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The Great Debate©: Is Productivity Driving the Economy or Is It Something Else?

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Editor’s note: A recent GEI News article presented a research paper from the Altanta Fed, written by Andrew Flowers, a senior economic research analyst in the Atlanta Fed’s research department.  In that paper Flowers discussed the debate between those who argue that technology is permanently displacing humans from employment (i.e., “the robots will take over everything”) and the counter argument that a new range of human activity will create employment needed to interact optimally with the automated world of the future.

The Productivity Paradox: Is Technology Failing or Fueling Growth?

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The Productivity Paradox:

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Response to the Productivity Paradox

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The opinions of both economists cited in the Atlanta Fed article by Andrew Flowers are wrong.  Take a look at the 5 major recessions we’ve had since 1980 (this commonly used graph created by Bill McBride at Calculated Risk was recently used in Professor Stephanie Kelton’s excellent article, Five Ways to Improve Your Odds of Succeeding in the Labor Market):

Every recession has taken longer to recover from than the previous ones, with the current “recovery” (too strong a word, actually) being the longest, by far. (The correct way to look at the 1980 and 1981 double dip is possibly as a single long recession).

This is no accident. It is the result of deliberate policies, begun slightly under Carter, accelerated greatly under Reagan, Bush I, Clinton and Bush II, and now Obama, that favor the rent-seeking class over the productive class.  The former is by definition parasitic.  It feeds off the surplus in the productive sector.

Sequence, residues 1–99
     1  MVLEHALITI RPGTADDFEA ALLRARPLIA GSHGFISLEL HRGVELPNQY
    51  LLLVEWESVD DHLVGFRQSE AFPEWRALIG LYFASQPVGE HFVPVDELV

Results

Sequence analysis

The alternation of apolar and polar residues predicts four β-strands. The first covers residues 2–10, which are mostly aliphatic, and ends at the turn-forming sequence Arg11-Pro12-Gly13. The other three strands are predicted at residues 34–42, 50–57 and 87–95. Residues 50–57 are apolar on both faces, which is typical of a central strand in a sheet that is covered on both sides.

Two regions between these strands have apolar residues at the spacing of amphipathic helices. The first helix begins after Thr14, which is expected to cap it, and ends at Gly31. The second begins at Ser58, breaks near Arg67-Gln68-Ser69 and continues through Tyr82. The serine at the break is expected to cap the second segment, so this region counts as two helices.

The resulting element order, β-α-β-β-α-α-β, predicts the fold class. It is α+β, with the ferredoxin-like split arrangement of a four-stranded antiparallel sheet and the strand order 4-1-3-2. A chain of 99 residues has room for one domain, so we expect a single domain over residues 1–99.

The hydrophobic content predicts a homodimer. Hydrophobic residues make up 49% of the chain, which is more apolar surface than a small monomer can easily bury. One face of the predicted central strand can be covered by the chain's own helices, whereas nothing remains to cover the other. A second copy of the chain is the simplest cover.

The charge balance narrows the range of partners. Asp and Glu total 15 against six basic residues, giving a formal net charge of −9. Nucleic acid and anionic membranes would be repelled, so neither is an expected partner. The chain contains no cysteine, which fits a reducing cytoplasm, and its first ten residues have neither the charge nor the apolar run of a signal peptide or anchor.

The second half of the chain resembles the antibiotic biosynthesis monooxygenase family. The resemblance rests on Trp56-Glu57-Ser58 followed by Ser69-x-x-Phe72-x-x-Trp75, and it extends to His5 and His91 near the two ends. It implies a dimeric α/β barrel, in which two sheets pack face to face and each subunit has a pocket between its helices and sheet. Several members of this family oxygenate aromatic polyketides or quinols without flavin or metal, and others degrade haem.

If the productive sector is starved by disproportionately high taxes – with the inescapable payroll tax, loopholes at the upper end and the 15% capital gains tax and carried interest tax for billionaire hedge fund managers, middle class taxes rates now higher than upper class rates plus low investment in things like infrastructure, off-shoring of both jobs/businesses and assets, diminished educational standards/results, etc. -  production must slow.

Average federal tax rate for taxpayers with positive AGI*
Minimum income Average federal tax rate
Total* N/A 11.06%
Top 1% $343,927 24.01%
Top 5% $154,643 20.26%
Top 10% $112,124 18.05%
Top 25% $66,193 14.68%
Top 50% $32,396 12.5%
*All taxpayers with positive AGI in 2009, the latest year for which statistics are available.
Source: IRS

Of course, the developing world, esp. China, is going in the opposite direction.

The article’s argument that technology is displacing workers is a bogus one. Germany and China have high technology too (Foxconn and BMW, respectively, to cite just two of many examples), but also decent levels of employment. Singapore is one of the most technologically advanced nations on Earth, with a higher standard of living than ours, by far, and has an unemployment rate under 2%.